Special Report: Changing currency to electronic wallets

ALBANY, N.Y. – Swiping plastic could become a thing of the past.

It’s how a newer generation of shoppers are paying – electronic wallets. It may be convenient, but is it safe?

Rosa Bautista, 23, loves shopping, but she never uses her wallet to pay for any of it.

“It’s easier,” she said. “It’s a lot easier. All you need is your phone and pretty much everywhere you can use it.”

She’s talking about her hand held wallet. It’s the newest form of payment that a lot of stores at the mall are using, and it comes on a smartphone.

“I have my Chase; there’s the Discover and SEFCU,” she said of the app Google Wallet.

Bautista carries all her financial information in one place, including credit cards, loyalty program cards and all her bank information. But is it all safe on her phone?

“Not a big fan of carrying around wallets and big chunky stuff,” UAlbany School of Business Dean Dr. Donald Siegel said. “Easier to grab your phone and go. I am confident that within in five, maybe ten years max, there will be a significant portion of the population using this technology.”

Apps like Google Wallet, Apple Pay and PayPal make it easier for shoppers like Bautista to tap and pay.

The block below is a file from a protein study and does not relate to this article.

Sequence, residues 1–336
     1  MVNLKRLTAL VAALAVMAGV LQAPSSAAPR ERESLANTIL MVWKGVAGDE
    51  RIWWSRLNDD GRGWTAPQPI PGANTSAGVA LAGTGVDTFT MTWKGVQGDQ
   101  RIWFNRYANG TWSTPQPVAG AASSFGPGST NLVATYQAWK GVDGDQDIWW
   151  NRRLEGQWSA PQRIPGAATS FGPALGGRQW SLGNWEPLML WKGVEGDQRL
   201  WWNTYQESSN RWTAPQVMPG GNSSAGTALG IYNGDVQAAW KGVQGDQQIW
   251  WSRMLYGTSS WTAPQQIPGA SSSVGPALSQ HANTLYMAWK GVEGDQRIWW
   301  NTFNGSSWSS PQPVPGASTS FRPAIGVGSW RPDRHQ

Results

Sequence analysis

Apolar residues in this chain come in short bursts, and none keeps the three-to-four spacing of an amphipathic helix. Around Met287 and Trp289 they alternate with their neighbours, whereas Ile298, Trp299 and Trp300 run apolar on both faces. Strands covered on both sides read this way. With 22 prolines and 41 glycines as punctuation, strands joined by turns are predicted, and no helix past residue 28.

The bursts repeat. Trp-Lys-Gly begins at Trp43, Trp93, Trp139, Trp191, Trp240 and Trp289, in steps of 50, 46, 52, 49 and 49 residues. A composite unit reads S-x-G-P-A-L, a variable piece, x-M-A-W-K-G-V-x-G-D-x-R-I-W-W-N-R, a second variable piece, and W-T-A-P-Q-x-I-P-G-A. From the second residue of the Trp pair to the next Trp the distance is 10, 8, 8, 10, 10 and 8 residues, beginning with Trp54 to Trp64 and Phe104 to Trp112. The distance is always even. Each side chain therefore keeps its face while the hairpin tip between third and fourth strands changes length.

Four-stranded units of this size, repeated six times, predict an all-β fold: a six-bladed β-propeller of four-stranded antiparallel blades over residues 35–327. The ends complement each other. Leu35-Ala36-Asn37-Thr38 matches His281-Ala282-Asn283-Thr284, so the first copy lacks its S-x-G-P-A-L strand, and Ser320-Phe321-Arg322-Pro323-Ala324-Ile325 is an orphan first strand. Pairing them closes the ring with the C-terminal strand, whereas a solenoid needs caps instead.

“I was hesitant to put in my information,” she said. “What if there was a breach?”

So how safe is she?

“This will actually be safer believe it or not,” Dr. Siegel said. “All of the persons transactions will be in one location. If a breach occurs, they will be aware of it more quickly.”

But GreyCastle Security Chief Security Strategist Dan Diddier, whose day job is to hack into computer networks and find their vulnerabilities, said it’s not that simple.

“There’s no doubt that cybercriminal hackers are actively looking for ways to get control of your digital wallet,” he said. “There are professional hackers. Their day job is to find ways to exploit money from Americans.”

And even if there are multiple layers of security on the app, such as fingerprint recognition or pins, other gaming or social media apps you download may put your financial information at risk.

“Oh, by the way, when you install that app, it’s looking for permissions to basically look at everything on your phone,” Diddier said. “Now your digital wallet is at risk.”

Even though most consumers carry less cash than ever, security remains a major barrier to adopting the e-wallet. Some security experts said they will wait before they use the newest form of payment.

Adding a pin to your phone’s lock scree can add more protection, and in most cases, the financial data is encrypted on the apps.

Diddier said there has already been a security breach with Google Wallet, but with enough time, criminals can find a vulnerability whether it’s a virtual wallet or credit cards, so being vigilant is key no matter how you pay.

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